Mikio Naruse

“Despite being little-known in the West, Tokyo-born Mikio Naruse was one of the most prolific and accomplished Japanese directors of the twentieth century, chalking up nearly ninety films in four decades… Naruse’s most interesting films were produced during the 1950s, Japanese cinema’s golden era.” - Peter Buckley (The Rough Guide to Film, 2007)

Mikio Naruse

Director / Screenwriter / Producer
(1905-1969) Born August 20, Yotsuya, Tokyo, Japan
Top 250 Directors

Key Production Country: Japan
Key Genres: Drama, Family Drama, Melodrama, Marriage Drama, Psychological Drama, Romantic Drama
Key Collaborators: Satoru Chûko (Production Designer), Ichirô Saitô (Composer), Sanezumi Fujimoto (Producer), Masao Tamai (Cinematographer), Daisuke Katô (Leading Character Actor), Chieko Nakakita (Character Actress), Eiji Ooi (Editor), Hideko Takamine (Leading Actress), Sumie Tanaka (Screenwriter), Toshirô Ide (Screenwriter), Keiju Kobayashi (Leading Character Actor), Kyôko Kagawa (Leading Actress)

“Distinguished Japanese director, though not the equal of Mizoguchi, Ozu, Gosho, Kinoshita, or Kurosawa. His films have a real sense of everyday life, behavior, and feelings and of the family in its social contest - qualities that made Okaasan/Mother his best film… His first films as director were largely comedies and routine melodramas until he established his reputation as a director of Shomin-geki films dealing with the lower-middles classes” - Georges Sadoul (Dictionary of Film Makers, 1972)
“His early films, many from his own screenplays, were typically a blend of slapstick and melodrama. In the 50s, he evolved, reaching his creative peak as a serious, uncompromisingly honest director of frequently pessimistic films that echoed memories of his unhappy youth. They typically dealt with everyday lives of common people and paid special attention to the status of women in Japanese society.” - The Film Encyclopedia, 2012
“Mikio Naruse’s work bridged the cinematic gap between the silent film era, the advent of talkies, and the introduction of color films. His output was prolific, and he became one of the most prominent Japanese filmmakers of his time… His films were marked by a slow pace that allowed his characters to reveal their psychological depth, with subtle gestures revealing their acceptance of the problems of everyday life.” - Erica Sheerin (501 Movie Directors, 2007)
“Naruse began his most creative period in the Fifties with a series of films, including Inazuma, Bangiku (1954) and Ukigumo, based on the feminist writings of Tumiko Hayashi (1904-1951), depicting downtrodden women. For Naruse, the claustrophobic roles women were made to play in Japanese society became a particular expression of his generally pessimistic view of the human condition.” - The Illustrated Who's Who of the Cinema, 1983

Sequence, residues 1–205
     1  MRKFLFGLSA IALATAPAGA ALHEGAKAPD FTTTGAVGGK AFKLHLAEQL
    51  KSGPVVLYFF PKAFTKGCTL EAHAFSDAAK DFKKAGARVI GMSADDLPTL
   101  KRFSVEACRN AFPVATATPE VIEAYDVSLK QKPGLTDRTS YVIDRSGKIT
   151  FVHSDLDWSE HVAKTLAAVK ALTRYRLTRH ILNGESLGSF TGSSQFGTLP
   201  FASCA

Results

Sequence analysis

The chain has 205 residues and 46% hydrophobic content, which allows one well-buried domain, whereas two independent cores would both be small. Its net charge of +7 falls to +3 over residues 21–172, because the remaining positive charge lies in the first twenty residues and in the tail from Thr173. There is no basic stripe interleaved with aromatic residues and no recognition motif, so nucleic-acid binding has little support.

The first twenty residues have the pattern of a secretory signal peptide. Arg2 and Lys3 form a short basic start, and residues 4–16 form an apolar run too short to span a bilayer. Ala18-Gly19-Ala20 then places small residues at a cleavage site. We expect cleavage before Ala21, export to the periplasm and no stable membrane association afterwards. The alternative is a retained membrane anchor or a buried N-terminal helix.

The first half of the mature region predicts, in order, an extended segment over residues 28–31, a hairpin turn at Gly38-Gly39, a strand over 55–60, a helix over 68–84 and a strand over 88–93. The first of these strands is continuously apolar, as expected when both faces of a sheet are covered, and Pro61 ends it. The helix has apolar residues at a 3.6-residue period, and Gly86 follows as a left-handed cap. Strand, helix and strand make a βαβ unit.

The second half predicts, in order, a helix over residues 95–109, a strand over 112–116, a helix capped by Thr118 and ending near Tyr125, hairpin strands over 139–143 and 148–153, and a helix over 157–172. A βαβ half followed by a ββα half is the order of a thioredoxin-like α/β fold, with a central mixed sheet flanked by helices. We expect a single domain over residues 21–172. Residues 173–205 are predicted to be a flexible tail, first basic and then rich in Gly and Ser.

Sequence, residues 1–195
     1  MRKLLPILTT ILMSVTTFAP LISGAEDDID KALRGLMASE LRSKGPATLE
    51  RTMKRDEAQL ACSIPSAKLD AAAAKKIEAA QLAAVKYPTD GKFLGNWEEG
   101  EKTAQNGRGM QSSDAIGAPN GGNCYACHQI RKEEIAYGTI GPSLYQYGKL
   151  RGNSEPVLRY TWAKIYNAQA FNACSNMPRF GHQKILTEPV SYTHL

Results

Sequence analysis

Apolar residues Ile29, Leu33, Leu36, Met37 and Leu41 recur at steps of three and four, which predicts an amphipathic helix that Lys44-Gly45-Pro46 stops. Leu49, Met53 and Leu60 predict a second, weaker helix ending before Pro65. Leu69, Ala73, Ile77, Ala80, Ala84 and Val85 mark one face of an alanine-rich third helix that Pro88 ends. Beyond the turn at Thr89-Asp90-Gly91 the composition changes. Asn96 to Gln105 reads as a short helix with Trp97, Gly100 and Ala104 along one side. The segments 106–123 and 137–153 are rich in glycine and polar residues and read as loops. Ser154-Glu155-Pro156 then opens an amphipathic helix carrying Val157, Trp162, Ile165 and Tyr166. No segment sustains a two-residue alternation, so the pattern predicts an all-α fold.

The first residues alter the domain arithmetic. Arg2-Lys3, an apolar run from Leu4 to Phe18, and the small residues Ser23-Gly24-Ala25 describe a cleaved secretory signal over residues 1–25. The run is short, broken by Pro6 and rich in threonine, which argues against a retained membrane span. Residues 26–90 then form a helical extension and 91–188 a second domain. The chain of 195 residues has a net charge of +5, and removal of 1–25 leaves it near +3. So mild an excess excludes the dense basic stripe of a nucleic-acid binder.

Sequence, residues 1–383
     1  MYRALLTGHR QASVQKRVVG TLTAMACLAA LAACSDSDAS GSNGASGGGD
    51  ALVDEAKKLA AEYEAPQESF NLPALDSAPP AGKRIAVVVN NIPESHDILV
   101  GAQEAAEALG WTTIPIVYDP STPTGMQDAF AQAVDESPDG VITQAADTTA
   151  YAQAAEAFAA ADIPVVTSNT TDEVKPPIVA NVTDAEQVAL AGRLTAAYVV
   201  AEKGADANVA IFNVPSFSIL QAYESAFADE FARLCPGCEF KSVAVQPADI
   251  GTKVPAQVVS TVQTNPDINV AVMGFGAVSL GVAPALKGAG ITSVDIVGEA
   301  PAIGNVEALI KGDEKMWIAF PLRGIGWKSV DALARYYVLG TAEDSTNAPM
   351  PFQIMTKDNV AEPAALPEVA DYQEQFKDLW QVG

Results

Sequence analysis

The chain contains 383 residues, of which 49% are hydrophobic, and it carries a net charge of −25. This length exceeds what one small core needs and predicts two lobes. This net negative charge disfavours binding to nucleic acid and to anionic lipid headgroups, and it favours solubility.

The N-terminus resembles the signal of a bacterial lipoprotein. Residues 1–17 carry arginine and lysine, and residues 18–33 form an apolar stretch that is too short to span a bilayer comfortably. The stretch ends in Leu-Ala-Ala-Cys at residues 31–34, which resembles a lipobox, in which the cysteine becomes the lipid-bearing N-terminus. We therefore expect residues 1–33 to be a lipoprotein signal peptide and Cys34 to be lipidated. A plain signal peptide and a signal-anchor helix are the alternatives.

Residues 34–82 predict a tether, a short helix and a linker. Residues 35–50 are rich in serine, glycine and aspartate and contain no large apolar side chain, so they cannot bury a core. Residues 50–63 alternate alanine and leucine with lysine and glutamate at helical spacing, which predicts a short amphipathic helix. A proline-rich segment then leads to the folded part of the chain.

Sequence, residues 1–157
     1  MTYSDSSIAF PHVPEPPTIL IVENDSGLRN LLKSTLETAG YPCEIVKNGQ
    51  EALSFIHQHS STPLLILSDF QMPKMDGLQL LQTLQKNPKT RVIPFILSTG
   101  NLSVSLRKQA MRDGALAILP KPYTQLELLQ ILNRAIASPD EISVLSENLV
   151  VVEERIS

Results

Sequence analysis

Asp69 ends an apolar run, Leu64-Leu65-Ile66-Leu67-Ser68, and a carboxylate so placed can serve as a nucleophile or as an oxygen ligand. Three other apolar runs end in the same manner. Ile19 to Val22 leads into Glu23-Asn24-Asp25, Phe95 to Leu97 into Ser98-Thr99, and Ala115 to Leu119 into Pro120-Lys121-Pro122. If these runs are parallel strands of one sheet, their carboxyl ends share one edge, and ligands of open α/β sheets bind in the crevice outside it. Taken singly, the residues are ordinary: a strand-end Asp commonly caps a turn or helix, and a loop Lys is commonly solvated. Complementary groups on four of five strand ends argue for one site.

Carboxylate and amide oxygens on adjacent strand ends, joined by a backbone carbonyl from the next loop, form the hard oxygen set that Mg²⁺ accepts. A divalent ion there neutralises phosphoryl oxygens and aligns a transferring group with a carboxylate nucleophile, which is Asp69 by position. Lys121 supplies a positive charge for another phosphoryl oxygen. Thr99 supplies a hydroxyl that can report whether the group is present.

“In speaking of his subject, the family, Naruse once said, ‘I am not interested in simple, trite home dramas.’ Rather, he was interested in richly detailed, meticulously honest home dramas, and it was through them that he both accurately reflected a major fact of Japanese life and defined his own pictorial style. In this, like Ozu, Naruse used such constriction to advantage.” - Donald Richie (Cinema: A Critical Dictionary, 1980)
“Neither in his early experimental period nor in the mature postwar films did Naruse achieve a mastery of a specific visual style to merit comparison with the work of Mizoguchi or Ozu. Nevertheless, he commands respect as the architect of subtle and profound realist dramas, distinguished by careful observation and superb acting. His genre is the shomin-geki—the film about the lower middle classes—within which his specialities are the precise delineation of social milieux, of material hardship and practical responsibilities.” - Alexander Jacoby (Senses of Cinema, 2003)
TSPDT Guide
Recommended
Meshi (1951), Mother (1952), Late Chrysanthemums (1954), Sound of the Mountain (1954), Floating Clouds (1955), When a Woman Ascends the Stairs (1960) , Yearning (1964), Scattered Clouds (1967)
Worth a Look
Three Sisters with Maiden Hearts (1935), The Song Lantern (1943), Lightning (1952), Wife (1953), Flowing (1956), Sudden Rain (1956), Anzukko (1958), Iwashigumo (1958), Drifting (1962)
Approach with Caution
The Girl in the Rumour (1935)
Acclaimed Films / IMDB Filmography
1,000 Greatest Films
Amazon Products
Films / Books
    Late Chrysanthemums
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